MINNEAPOLIS (Jam. 26, 2016) — The Minnesota chapter of the Council on American-Islamic Relations (CAIR-MN) announced today that it has received a number of grants to address the growing Islamophobia with expanded education and outreach initiatives.
According to CAIR-MN, Muslims in Minnesota have reported more than 30 incidents of intimidation, threats, bullying and harassment since mid-November.
“Islamophobia is real,” said Jaylani Hussein, executive director of CAIR-MN. “It is much more than some comments made by politicians. It is something that is creating a very unsafe environment in our Muslim communities.”
CAIR-MN recently asked several local foundations to help it cover $100,000 in unbudgeted expenses associated with the increased demand for its services. In particular, the civil rights group has responded to more requests to protect civil liberties and encourage dialogue at a time of heightened tensions and when many Minnesota Muslims have feared for their safety.
In response, The Saint Paul Foundation and F. R. Bigelow Foundation have made grants totaling $57,500 to help CAIR-MN cover costs for additional legal fees, outreach and community training activities. Additionally, the Tom and Pat Grossman Fund of the Minnesota Community Foundation has also pledged up to $25,000 in the form of a matching grant, if CAIR-MN can raise another $25,000 for its outreach work.
In particular, the grants will help CAIR-MN offer “Challenging Islamophobia” workshops across Minnesota and create and circulate community safety guides and “Know Your Rights” pocket guides for Minnesota Muslims.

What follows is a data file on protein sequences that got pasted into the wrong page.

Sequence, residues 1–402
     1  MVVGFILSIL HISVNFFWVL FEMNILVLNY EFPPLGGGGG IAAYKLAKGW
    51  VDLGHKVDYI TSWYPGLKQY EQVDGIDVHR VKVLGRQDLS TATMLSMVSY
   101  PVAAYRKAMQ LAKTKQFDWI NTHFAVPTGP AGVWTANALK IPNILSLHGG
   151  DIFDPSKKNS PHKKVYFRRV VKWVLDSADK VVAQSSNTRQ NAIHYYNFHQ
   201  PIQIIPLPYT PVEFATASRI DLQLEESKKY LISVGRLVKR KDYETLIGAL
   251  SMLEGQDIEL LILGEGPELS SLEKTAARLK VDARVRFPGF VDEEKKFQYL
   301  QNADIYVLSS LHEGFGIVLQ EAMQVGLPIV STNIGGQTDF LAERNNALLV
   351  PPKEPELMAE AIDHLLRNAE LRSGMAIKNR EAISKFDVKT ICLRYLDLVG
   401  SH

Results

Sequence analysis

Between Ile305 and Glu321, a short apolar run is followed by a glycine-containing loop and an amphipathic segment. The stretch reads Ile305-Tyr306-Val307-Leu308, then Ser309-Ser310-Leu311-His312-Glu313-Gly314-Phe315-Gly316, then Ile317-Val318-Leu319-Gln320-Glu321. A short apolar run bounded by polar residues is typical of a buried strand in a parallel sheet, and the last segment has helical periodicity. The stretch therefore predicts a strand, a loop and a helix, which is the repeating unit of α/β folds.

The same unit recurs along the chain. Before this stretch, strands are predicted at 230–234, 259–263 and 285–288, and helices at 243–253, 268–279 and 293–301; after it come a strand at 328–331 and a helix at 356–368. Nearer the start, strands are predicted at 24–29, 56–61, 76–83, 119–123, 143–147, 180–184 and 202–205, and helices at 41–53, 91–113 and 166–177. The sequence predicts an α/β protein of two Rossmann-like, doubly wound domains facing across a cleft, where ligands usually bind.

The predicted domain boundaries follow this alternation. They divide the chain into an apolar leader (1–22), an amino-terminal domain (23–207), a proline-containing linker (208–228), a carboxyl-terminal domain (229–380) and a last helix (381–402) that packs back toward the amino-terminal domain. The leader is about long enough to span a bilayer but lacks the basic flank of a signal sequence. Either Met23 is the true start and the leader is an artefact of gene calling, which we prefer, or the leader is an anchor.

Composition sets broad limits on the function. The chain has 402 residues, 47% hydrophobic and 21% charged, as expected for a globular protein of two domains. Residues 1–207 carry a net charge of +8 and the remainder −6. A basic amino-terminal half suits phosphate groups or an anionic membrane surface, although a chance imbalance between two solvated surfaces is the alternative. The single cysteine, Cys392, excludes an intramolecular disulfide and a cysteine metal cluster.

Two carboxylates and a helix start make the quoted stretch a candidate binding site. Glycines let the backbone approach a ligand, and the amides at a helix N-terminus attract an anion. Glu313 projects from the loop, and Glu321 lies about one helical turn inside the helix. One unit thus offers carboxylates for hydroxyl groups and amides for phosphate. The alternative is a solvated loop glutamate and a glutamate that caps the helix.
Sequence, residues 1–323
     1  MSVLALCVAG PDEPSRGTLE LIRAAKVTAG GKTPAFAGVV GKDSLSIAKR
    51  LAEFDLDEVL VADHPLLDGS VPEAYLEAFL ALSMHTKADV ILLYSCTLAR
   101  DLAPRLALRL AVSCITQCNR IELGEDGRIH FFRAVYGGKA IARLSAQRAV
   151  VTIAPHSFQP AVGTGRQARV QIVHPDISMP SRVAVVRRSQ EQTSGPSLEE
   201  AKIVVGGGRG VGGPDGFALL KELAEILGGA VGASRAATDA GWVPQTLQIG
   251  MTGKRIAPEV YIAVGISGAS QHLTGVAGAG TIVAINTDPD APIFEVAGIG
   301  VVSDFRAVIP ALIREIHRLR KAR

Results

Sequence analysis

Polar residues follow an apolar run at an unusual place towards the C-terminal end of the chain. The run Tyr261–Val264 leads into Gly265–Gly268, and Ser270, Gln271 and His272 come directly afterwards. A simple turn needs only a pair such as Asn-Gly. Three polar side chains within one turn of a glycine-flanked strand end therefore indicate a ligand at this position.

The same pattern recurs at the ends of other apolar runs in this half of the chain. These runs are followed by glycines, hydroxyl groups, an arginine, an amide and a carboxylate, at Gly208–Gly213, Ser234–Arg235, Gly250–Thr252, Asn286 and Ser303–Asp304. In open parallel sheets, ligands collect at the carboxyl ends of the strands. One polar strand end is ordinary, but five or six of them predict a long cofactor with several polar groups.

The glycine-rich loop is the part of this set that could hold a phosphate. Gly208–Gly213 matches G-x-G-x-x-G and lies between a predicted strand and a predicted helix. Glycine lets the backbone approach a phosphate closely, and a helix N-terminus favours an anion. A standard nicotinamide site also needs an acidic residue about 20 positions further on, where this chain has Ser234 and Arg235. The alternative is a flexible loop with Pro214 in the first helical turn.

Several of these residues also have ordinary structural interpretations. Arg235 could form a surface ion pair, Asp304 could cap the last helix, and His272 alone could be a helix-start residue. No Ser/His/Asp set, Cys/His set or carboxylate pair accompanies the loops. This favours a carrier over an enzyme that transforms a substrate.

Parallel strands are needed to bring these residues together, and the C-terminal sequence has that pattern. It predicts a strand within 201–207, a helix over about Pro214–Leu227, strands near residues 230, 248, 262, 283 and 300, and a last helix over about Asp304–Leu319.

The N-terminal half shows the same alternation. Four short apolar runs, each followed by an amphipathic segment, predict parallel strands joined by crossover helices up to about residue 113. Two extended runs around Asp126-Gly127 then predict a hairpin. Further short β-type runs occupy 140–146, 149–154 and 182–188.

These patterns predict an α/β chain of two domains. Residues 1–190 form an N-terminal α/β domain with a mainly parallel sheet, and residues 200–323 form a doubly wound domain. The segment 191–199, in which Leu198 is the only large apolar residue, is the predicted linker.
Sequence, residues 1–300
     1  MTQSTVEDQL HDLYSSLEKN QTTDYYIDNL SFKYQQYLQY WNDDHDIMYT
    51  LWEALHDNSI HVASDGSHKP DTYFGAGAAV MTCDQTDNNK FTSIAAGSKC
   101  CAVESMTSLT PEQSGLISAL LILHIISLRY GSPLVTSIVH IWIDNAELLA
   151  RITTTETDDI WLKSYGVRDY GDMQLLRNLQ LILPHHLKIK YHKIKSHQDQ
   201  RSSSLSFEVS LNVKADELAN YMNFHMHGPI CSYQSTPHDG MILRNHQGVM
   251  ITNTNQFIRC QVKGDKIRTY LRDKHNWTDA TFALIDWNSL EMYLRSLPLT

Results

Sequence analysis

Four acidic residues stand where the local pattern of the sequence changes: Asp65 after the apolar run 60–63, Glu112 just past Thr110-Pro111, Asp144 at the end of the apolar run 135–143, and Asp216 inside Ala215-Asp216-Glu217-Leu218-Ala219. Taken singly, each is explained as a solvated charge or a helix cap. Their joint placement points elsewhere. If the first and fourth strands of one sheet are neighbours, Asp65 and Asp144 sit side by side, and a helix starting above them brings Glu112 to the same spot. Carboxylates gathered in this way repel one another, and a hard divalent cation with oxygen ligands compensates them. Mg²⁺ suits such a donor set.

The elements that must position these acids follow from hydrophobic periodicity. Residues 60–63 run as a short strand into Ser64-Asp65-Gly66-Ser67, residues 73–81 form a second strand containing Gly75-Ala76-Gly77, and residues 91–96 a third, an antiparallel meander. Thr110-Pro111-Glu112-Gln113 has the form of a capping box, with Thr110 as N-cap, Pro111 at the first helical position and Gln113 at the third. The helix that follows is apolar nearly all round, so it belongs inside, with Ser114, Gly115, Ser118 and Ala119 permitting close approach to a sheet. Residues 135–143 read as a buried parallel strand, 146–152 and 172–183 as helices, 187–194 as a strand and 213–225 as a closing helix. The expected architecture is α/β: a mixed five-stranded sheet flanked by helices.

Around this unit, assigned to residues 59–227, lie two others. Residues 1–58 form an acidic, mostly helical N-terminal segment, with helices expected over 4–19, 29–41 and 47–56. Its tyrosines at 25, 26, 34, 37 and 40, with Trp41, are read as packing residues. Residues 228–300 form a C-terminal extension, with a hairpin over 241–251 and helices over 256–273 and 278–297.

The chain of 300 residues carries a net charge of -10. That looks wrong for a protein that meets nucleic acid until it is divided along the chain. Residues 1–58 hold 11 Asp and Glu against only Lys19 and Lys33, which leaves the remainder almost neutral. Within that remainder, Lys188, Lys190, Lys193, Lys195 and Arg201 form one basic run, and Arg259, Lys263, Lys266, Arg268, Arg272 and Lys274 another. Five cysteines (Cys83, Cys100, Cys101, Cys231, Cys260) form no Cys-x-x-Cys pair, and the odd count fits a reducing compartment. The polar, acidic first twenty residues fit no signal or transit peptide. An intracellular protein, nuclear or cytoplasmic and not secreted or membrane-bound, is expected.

Some of the funding also will support the Outreach United Open Mosque Campaign, a nationwide effort led by the U.S. Council of Muslim Organizations (USCMO) to educate Americans about being Muslim and to counteract recruitment of American Muslims by groups such as the Islamic State. CAIR also plans to add two staff positions to help them manage the increased demands on the agency.
“There are a lot of good things happening in our community,” said Hussein. “I want to acknowledge that. But this is our time to build bridges of understanding and make sure all people are safe and secure wherever they go. The more we know what to do, the more we can challenge Islamophobia in our communities and make them safer. This is a good time to talk about it.”
CAIR-MN is working with schools in the Metro area and parents to ensure that Muslim students feel safe and can learn in school, he said. “We have received reports of students being harassed in schools and we are working to ensure those issues are resolved before they escalate to violence,” he said.
The CAIR-MN website has a link where it is gathering reports of harassment or other anti-Muslim actions. “We want to know about all the incidents-no matter how small-that happen in Minnesota, so we can offer support,” Hussein said.
Hussein said the organization’s work to promote justice and mutual understanding has become even more critical since the Paris terror attacks and shootings in San Bernardino, California, late last year.
Those who wish to support the nonprofit’s work may donate directly to CAIR-MN on its website.
CAIR is America’s largest Muslim civil liberties organization. Its mission is to enhance the understanding of Islam, encourage dialogue, protect civil liberties, empower American Muslims, and build coalitions that promote justice and mutual understanding.